LAST NIGHT’s budget has failed the Great Barrier Reef and Australia’s threatened species and instead continues to prop up polluting industries, WWF Australia says.
The Reef is suffering its worst coral bleaching ever recorded, and our species are in crisis with 418 native Australian animals and 1,265 plants currently listed as ‘threatened’.
The Reef immediately needs billions of dollars to bring it back to health. But, the budget failed to even meet the Government’s prior commitment of $300 million over 5 years for Reef pollution programs.
The budget has delayed any substantial additional investment on the Reef until 2019, and chosen to deliver a mere trickle ($8.9million/year) of new and additional funding over the next three years, which has been taken from existing environmental allocations.
In the midst of corporate tax cuts, the budget confirmed that more than $7.7 billion in annual fossil fuel subsidies would continue. One major subsidy – the fuel tax rebate – remained in the list of top 20 program expenses in 2016-17.
That’s despite the fact that dumping these subsidies is the preferred option of most Australians for raising revenue.
“Saying on the one hand you want to save the Reef, and at the same time subsidising the pollution that is killing it – is just completely contradictory,” WWF-Australia spokesperson Nick Heath said.
“The Reef is on life support, and the Government just decided to delay treatment.
“The Reef is bleaching before our eyes. The evidence is clear. The time is now, more than ever, to get rid of fossil fuel subsidies once and for all.”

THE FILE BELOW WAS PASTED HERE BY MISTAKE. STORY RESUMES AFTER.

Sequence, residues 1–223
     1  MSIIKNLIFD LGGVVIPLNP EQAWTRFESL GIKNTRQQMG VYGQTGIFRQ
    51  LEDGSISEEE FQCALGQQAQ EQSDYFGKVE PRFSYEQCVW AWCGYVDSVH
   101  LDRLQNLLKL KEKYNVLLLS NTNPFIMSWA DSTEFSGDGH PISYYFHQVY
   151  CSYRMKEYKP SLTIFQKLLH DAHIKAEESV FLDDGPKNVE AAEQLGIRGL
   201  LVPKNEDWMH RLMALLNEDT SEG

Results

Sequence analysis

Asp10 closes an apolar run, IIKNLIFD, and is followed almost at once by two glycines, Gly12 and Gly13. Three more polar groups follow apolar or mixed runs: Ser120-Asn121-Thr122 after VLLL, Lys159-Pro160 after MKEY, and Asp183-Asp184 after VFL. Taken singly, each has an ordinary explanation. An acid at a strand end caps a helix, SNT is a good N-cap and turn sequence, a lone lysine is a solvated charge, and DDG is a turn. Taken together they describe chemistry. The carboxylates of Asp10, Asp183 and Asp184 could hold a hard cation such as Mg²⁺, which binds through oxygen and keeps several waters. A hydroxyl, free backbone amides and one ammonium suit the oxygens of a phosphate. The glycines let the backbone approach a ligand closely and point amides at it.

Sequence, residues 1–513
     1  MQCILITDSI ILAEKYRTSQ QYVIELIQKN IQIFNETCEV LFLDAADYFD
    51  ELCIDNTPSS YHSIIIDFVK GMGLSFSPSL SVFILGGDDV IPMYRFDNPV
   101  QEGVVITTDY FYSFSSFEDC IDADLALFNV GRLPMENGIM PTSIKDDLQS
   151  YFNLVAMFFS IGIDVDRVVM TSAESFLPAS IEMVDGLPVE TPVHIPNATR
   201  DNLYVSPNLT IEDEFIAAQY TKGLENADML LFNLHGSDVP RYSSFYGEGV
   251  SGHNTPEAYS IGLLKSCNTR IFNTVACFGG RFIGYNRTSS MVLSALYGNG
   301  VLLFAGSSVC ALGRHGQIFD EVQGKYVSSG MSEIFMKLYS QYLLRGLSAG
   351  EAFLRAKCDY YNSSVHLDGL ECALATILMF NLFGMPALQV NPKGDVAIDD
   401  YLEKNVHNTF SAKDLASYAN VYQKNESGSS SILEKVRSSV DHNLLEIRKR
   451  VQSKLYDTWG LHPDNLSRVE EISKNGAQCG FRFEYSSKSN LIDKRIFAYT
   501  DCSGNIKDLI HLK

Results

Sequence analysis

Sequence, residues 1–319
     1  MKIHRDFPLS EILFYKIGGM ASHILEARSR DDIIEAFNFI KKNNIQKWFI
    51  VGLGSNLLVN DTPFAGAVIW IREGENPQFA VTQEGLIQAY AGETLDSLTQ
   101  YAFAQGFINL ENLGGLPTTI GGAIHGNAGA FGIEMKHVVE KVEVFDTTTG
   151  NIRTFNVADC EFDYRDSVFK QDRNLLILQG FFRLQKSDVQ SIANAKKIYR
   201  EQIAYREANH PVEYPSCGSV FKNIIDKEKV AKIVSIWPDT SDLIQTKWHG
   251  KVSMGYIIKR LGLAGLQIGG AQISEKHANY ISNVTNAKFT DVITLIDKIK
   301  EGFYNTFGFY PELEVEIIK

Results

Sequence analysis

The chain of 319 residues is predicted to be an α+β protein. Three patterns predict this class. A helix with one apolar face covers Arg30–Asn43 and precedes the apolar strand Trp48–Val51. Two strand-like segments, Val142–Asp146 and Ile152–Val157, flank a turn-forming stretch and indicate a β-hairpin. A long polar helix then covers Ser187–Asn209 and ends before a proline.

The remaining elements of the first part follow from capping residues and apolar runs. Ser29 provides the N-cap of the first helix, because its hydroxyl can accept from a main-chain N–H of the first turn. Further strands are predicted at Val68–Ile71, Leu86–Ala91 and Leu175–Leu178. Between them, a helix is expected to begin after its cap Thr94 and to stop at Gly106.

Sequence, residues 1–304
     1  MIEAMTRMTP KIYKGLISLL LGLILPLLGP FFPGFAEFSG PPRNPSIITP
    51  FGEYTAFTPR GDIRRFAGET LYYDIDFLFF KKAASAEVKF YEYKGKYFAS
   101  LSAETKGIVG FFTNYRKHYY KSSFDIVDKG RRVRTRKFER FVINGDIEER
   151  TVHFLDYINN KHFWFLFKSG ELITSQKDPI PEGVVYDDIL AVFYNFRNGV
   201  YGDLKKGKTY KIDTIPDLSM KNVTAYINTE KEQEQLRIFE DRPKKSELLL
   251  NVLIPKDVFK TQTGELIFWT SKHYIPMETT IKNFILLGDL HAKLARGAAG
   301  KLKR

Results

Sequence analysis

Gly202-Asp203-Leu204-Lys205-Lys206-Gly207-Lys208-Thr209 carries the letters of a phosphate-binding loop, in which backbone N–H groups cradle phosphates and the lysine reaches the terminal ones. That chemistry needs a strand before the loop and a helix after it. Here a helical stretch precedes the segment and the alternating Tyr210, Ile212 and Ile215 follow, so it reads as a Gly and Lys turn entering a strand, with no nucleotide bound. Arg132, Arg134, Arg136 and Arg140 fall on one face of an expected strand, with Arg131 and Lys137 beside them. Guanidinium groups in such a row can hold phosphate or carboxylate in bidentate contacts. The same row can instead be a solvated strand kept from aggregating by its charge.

In contrast to the generous spending on fossil fuels, overall forecasted spending on the environment has been reduced by 17% (out to 2020) to just $1.982b – a meagre 0.4% of the total expenses in tonight’s budget, a missed opportunity to address Australia’s species crisis.
WWF analysis of a selection of the Government’s own threatened species Recovery Plans shows that in the order of $100m is needed each year for the next 5 years to take a collection of species, such as those identified in the government’s own threatened species strategy, to safety. But the funding committed in the budget is nowhere near that.
Other measures in the budget noted by WWF include:
· Antarctica: WWF welcomed the announcement that the Government will be providing an additional $200 million over 10 years from 2016-17 to Antarctica – maintaining Australia’s presence, with further additional ongoing funding beyond 2025-26. Additional funding of $20.8 million in 2018-19 and $21.2 million in 2019-20 will be provided through this measure.
· Climate Finance: confirmation of the $200 million on average per year out to 2020 to be spent on climate finance, which has come from existing and largely unchanged aid allocations. This is significantly less than Australia’s fair share of the global commitment of $100 billion by 2020, which requires at least $1.6 billion public funds per year by 2020.
· Cuts to the Australian Renewable Energy Agency (ARENA): cuts to ARENA have been confirmed with approximately $1 billion being removed at a time when Australia should be fostering innovation and new clean tech ideas right here at home.
· Emissions Reduction Fund (ERF): no additional commitment to ERF funding beyond the $2.55 billion allocation, locking in further uncertainty around future climate change policy and funding going forward.